Foam Yoga Blocks

Foam Yoga Blocks

In this day and age, the majority of yoga blocks you’ll come across are made entirely out of foam. It’s even more affordable than the other types, and its squishy texture provides a bit of a cushion for yogis with aching joints. This affords them the ability to perform more challenging poses without causing too much strain on their arms, shoulders, and backs.

Sadly, foam yoga blocks are a lot more prone to damage due to its squishy nature. In addition, they also absorb moisture, so you’ll need to clean hem often to remove sweat from their porous structure.

How to Choose the Right Yoga Block

How to Choose the Right Yoga Block

If you’re serious about using a yoga block to improve stability and endurance, then you should consider the following:

Size

Earlier, I went over the various yoga block sizes and why it matters. Now, to choose the correct size, you will have to consider your stature and your yoga experience.

3-inch-deep yoga blocks are considered to be the best option for those under average height, especially when tucked between your thighs as a spacer. 4-inch-deep yoga blocks are what most consider to be the standard, which is perfect for average-height users who practice yoga regularly.

Big blocks are those that measure at least 5 inches deep, 6.75 inches wide, and 12 inches long. This type of block is for those who have surpassed the need for shallower blocks and are looking to arch their backs even further.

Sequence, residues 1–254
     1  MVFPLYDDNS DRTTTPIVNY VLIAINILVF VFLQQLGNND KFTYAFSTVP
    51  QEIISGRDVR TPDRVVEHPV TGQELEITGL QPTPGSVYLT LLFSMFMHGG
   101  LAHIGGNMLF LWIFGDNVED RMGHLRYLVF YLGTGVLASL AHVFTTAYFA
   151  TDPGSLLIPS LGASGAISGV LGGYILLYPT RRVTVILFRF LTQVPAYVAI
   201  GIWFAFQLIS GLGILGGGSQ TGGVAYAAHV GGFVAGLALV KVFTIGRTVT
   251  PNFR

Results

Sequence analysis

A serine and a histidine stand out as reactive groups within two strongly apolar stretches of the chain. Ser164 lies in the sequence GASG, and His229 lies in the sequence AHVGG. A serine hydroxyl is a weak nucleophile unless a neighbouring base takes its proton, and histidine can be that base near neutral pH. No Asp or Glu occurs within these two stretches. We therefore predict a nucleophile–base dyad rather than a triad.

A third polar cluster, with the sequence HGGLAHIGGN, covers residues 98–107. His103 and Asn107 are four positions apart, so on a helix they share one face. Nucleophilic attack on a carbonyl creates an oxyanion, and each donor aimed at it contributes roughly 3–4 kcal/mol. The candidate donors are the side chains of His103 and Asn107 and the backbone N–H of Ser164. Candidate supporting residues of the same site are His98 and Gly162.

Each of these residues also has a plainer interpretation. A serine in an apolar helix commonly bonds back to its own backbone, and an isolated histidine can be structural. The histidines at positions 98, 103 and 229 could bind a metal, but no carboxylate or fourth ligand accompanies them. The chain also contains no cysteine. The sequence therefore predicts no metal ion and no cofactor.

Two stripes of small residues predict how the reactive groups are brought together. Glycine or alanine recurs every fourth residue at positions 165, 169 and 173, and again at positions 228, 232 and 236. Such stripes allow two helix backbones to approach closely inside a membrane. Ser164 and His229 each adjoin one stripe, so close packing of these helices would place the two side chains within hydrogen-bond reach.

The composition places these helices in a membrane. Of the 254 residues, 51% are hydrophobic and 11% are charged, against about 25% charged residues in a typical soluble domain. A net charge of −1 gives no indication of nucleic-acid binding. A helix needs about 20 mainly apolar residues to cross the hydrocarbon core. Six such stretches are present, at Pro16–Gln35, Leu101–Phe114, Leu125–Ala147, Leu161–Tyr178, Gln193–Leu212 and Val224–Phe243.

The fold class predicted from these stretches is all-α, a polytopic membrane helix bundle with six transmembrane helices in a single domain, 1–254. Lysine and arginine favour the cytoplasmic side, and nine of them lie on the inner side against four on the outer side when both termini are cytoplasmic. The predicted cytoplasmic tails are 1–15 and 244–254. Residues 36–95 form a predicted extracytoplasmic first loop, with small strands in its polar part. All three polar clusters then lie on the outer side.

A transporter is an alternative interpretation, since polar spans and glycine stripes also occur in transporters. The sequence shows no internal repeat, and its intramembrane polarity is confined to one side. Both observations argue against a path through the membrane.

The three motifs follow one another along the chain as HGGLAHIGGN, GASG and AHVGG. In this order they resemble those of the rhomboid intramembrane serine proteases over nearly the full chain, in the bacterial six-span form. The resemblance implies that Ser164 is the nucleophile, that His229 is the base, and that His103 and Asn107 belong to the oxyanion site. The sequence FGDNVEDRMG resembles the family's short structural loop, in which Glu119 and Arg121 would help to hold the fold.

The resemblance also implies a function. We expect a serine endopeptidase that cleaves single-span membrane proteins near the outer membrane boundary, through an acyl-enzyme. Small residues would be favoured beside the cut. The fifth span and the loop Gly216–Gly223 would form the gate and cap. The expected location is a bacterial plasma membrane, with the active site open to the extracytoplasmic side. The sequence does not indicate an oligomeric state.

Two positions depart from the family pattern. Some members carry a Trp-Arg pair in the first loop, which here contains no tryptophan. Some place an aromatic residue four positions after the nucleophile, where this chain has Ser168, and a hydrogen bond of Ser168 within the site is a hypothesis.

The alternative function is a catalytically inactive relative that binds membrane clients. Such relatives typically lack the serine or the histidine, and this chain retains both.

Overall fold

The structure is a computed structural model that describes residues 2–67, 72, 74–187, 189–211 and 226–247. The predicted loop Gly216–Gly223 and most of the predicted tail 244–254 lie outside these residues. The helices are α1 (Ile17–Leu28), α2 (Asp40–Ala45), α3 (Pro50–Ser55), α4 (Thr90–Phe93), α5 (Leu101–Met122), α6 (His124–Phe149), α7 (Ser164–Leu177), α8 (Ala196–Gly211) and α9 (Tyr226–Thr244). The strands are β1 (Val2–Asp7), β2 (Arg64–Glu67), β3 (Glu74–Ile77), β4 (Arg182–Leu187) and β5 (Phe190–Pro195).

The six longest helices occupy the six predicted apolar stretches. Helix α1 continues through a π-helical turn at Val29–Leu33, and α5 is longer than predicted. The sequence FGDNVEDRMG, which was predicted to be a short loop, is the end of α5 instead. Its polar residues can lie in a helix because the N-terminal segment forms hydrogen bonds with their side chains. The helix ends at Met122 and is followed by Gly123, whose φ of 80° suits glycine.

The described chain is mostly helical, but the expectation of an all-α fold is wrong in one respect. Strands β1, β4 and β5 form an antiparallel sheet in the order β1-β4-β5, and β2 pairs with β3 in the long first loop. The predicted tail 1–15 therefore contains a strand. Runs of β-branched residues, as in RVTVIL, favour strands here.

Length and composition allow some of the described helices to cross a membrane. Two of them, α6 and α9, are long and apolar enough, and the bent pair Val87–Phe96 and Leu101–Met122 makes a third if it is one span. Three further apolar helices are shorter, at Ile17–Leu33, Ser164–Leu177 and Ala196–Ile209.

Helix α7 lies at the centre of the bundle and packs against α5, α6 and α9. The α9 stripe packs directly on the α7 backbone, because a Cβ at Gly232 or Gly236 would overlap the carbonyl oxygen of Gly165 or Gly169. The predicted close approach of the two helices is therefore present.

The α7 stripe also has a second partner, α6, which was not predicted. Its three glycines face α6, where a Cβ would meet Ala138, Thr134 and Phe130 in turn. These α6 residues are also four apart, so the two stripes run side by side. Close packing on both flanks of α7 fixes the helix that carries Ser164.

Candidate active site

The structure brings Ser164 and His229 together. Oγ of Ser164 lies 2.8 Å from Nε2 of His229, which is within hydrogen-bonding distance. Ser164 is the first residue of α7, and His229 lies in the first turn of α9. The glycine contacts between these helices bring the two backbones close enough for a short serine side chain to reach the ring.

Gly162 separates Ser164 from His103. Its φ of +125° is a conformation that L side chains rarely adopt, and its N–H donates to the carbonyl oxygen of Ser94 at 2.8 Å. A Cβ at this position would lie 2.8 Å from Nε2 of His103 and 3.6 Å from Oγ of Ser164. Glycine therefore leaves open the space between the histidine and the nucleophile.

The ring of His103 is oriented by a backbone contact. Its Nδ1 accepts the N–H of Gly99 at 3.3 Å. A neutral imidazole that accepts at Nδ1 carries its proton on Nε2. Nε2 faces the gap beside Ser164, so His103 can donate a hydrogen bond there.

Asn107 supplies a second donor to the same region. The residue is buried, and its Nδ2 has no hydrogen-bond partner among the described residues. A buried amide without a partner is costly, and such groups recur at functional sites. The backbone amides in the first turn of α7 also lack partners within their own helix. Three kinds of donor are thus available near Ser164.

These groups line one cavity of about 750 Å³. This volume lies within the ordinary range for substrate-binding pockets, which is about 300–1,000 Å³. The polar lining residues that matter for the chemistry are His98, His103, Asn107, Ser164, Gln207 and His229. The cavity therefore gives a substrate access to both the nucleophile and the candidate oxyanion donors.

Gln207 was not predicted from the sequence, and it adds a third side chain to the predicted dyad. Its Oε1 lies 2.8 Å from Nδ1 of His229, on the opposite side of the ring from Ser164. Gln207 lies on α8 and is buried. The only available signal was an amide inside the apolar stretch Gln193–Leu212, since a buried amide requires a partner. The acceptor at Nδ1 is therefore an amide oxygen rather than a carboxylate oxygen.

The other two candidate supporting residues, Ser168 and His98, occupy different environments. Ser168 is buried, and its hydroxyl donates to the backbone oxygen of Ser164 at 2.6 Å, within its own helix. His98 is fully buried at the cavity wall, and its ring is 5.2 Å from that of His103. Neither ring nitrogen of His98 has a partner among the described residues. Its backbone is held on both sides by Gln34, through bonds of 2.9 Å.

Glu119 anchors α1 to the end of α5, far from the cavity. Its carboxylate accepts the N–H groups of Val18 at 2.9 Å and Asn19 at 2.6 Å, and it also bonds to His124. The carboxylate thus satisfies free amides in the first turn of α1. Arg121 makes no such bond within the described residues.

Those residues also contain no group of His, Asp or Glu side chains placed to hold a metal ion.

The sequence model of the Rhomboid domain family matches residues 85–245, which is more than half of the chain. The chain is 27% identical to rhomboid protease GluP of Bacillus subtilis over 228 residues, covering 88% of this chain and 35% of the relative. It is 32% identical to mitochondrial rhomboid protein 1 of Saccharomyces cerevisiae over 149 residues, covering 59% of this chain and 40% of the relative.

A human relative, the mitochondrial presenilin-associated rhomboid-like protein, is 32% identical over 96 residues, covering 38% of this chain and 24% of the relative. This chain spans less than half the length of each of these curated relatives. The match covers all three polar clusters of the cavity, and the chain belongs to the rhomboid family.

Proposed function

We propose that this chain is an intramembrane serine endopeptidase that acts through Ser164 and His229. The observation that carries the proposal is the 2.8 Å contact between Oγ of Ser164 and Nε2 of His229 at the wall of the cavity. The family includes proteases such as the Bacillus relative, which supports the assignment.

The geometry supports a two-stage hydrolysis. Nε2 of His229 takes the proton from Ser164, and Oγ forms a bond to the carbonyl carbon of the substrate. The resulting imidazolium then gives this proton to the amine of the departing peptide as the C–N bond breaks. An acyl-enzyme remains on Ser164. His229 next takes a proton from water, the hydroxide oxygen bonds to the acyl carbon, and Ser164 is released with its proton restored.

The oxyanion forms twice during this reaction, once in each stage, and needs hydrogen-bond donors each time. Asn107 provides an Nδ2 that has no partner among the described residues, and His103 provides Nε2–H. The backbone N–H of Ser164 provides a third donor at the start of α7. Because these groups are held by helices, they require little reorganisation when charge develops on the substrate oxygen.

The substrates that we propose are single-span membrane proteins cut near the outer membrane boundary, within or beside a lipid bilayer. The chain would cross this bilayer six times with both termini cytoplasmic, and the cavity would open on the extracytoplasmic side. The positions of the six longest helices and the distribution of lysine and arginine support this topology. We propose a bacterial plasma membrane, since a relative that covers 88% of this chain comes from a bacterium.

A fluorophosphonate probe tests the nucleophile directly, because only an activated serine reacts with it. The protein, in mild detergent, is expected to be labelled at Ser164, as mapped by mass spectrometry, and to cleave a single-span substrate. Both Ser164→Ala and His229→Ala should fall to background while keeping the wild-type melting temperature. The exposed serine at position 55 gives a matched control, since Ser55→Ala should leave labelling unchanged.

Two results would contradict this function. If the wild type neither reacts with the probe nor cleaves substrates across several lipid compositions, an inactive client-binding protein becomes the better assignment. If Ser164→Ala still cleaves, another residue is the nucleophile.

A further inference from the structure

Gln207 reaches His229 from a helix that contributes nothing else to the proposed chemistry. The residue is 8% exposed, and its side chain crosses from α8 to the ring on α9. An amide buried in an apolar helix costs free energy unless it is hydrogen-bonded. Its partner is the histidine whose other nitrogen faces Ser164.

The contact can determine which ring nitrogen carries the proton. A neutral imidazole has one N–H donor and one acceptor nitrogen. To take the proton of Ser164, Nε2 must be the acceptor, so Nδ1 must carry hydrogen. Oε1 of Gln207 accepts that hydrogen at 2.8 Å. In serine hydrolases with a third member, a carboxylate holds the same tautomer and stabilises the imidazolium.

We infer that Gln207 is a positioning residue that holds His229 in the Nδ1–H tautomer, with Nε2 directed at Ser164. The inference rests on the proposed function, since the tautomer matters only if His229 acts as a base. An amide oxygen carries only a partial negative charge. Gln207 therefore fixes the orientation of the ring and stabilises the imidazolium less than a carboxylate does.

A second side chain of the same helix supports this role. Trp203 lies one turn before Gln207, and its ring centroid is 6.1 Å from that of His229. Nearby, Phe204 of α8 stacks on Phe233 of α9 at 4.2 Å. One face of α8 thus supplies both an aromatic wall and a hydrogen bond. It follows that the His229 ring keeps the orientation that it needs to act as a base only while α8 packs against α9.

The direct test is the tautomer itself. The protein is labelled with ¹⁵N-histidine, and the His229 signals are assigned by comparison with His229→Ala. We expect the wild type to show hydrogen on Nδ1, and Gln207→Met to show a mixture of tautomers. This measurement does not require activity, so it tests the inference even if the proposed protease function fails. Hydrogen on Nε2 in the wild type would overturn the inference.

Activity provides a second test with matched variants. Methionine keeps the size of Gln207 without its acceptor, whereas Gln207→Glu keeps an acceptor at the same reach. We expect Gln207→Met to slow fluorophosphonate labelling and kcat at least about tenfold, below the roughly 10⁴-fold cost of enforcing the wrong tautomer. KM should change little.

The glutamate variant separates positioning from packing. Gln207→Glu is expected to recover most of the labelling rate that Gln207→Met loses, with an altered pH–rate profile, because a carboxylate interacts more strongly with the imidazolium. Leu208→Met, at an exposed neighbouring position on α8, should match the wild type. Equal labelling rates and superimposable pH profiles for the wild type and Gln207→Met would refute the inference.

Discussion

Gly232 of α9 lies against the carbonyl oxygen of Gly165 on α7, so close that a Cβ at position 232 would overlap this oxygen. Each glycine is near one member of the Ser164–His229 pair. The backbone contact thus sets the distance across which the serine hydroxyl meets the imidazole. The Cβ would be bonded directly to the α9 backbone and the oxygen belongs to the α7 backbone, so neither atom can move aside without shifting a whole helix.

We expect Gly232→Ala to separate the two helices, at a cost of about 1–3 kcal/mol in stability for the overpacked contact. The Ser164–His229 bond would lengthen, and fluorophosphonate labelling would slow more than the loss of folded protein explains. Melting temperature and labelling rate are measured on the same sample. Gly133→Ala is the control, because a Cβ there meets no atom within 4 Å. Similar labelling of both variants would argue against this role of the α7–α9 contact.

Weight

The weight of the block is correlated to the material used to construct it. Wooden and bamboo yoga blocks are the heaviest, so they’re not as easy to transport, but they make for the perfect yoga accessories for at-home sessions.

Cork and foam yoga blocks are ideal for taking to the studio if you’re uncomfortable using the blocks your trainers provide. Plus, when you inevitably drop the block on the ground, it won’t cause irreparable damage to the studio’s floor, which might cost you quite a bit to fix if you were to drop a wooden block.

Stability

The stability of the yoga block is determined by both material and size. Some users might feel comfortable teetering on top of a thin 3-inch block, while others might want more surface area to stop them from falling over.

As for the material, wood, and bamboo, while heavy, need to grip onto carpeting or a yoga mat to prevent them from slipping. Cork and yoga blocks don’t slip around as easily on bare floors.

Shape

Though the name yoga block would suggest that they are blocks, they can actually come with curved or rounded edges that make them more comfortable to grip. There are also egg-shaped blocks that support the contour of your back. The only way to know which shape to get is to give them all a try.

BaronCooke

Baron Cooke has been writing and editing for 7 years. He grew up with an aptitude for geometry, statistics, and dimensions. He has a BA in construction management and also has studied civil infrastructure, engineering, and measurements. He is the head writer of measuringknowhow.com